Teachers and Turnaround

There are roughly a billion human capital/resources issues that come with any aggressive turnaround effort. This piece does a nice job of capturing the variety. I’ll reinforce the point I make in there about specialists. It’s not just reading specialists or math specialists, but management and school culture specialists as well.

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2 Responses to Teachers and Turnaround

  1. Good sense may be popping up all over. You’re right about the need for specialists, and presumably that specialization includes a variety of specialized interventions for students, as opposed to dumping more on the plates of ever-extended educators. Its good that Arlene Ackerman was restrained in her quote, but she often seems to first start with an anti-teacher angle, as she did with criticizing the district’s failed turnarounds in 2002.

    A better starting place would have been Philly’s special investigator’s report after the two teachers suffered broken necks. The rampant violence and disorder and the district’s timidity in enforcing discipline would provide a better explanation why reforms have failed.

    And over at National Journal, Gayle Andrews wrote: “Researchers from Johns Hopkins University, led by Robert Balfanz, used longitudinal methods to follow almost 13,000 Philadelphia students from 1996-2004, from the time when those students were 6th graders to one year past when they would have graduated if they had graduated on time. The research uncovered four critical predictive indicators that can identify sixth graders likely to drop out: (1) failing math; (2) failing English/language arts; (3) attending school less than 80% of the time; (4) receiving a poor final behavior grade in one class. Course failure was a better predictor of drop out than test scores. The four flags combined were 34 times more likely to predict graduation than student race.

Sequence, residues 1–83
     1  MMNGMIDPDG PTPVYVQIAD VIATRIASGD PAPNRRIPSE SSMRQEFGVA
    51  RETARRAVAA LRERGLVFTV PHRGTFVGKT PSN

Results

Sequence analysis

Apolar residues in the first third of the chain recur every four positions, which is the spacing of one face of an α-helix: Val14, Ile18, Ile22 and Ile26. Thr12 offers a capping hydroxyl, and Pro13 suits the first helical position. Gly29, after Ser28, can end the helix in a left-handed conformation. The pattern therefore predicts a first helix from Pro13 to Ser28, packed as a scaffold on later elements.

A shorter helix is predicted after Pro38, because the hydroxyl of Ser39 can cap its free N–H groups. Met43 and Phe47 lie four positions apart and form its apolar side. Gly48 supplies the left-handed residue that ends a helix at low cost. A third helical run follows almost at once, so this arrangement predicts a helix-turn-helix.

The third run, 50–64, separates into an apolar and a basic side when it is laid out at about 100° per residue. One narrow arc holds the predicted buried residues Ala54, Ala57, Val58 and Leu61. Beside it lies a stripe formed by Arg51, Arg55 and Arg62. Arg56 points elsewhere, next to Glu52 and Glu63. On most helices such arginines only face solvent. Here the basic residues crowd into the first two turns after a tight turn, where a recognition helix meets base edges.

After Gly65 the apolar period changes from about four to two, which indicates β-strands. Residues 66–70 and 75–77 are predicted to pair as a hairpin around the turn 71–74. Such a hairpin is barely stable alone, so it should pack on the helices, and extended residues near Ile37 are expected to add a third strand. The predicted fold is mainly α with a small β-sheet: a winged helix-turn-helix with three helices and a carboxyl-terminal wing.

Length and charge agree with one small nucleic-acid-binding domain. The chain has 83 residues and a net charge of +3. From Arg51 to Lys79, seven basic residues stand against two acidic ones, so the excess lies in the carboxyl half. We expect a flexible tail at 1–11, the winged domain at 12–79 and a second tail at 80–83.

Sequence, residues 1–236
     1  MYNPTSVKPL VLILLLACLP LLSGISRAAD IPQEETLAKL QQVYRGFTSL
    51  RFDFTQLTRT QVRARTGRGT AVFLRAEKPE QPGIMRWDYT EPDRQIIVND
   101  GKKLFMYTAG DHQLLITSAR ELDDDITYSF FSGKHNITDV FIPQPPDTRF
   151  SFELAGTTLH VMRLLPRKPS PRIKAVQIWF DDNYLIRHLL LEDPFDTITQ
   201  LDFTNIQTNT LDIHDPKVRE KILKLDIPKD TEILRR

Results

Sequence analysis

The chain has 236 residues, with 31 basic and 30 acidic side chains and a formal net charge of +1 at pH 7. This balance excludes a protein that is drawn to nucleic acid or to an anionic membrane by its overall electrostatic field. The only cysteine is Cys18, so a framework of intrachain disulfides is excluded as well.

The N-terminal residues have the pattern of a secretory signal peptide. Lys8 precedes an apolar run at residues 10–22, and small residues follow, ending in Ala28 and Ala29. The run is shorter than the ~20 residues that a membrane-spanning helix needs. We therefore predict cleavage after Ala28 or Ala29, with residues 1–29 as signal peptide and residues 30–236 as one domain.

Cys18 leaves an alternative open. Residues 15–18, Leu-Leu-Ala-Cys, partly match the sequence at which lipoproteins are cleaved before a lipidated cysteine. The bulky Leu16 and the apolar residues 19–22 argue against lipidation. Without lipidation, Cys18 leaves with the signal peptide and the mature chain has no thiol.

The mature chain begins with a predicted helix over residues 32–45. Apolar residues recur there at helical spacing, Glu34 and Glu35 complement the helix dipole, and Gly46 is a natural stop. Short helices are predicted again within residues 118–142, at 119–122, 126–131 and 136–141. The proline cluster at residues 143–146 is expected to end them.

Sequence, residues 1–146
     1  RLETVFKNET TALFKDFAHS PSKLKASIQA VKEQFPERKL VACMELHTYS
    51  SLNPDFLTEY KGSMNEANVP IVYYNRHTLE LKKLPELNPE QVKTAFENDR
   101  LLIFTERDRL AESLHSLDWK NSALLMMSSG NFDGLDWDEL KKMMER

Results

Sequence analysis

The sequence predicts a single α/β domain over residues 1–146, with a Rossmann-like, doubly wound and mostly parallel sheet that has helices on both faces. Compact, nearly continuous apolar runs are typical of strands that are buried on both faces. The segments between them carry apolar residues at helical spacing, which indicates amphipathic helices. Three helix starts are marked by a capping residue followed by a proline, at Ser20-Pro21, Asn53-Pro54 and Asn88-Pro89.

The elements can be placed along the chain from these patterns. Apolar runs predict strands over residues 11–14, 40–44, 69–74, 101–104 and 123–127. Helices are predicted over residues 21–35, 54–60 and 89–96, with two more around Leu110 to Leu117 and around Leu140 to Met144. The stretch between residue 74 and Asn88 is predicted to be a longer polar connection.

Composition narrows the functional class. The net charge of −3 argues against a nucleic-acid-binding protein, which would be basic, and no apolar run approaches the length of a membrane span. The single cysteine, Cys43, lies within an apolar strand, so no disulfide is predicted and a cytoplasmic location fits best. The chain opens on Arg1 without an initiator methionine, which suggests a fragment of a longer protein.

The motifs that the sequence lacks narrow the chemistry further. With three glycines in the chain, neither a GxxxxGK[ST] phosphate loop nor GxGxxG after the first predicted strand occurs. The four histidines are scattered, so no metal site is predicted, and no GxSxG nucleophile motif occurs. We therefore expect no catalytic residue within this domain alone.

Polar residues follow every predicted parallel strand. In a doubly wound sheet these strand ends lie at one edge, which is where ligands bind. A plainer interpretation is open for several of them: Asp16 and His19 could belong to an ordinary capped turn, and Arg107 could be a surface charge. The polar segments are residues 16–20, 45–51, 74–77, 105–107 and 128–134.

A common response to students who struggle in the sixth grade is to wait and hope they grow out of it or to characterize the difficulty as temporary as students adjust to a new school, more challenging curriculum, or less personalized attention. But the Johns Hopkins research demonstrates that these 6th graders don’t recover from these early struggles. Instead, they drop out. Intervention in the middle grades is both productive and absolutely essential.”

    If we invested more in alternative schools so we had the power to make decisions in the best interests of students, we human beings would make more bad decisions, as we also made good decisions. But would we be 34 times more likely to make the wrong choices, as we are when we play Hamlet and hope kids grow out of their behavior.

    Until we invest more in alternative schools, we have no options for helping these kids except for hoping they pull though. But that means that we adults don’t have to make hard choices. When adults duck the tough choices its bad for kids, but its the easiest path for bureaucracies.

  2. Pingback: Specialists « Meeting the Turnaround Challenge

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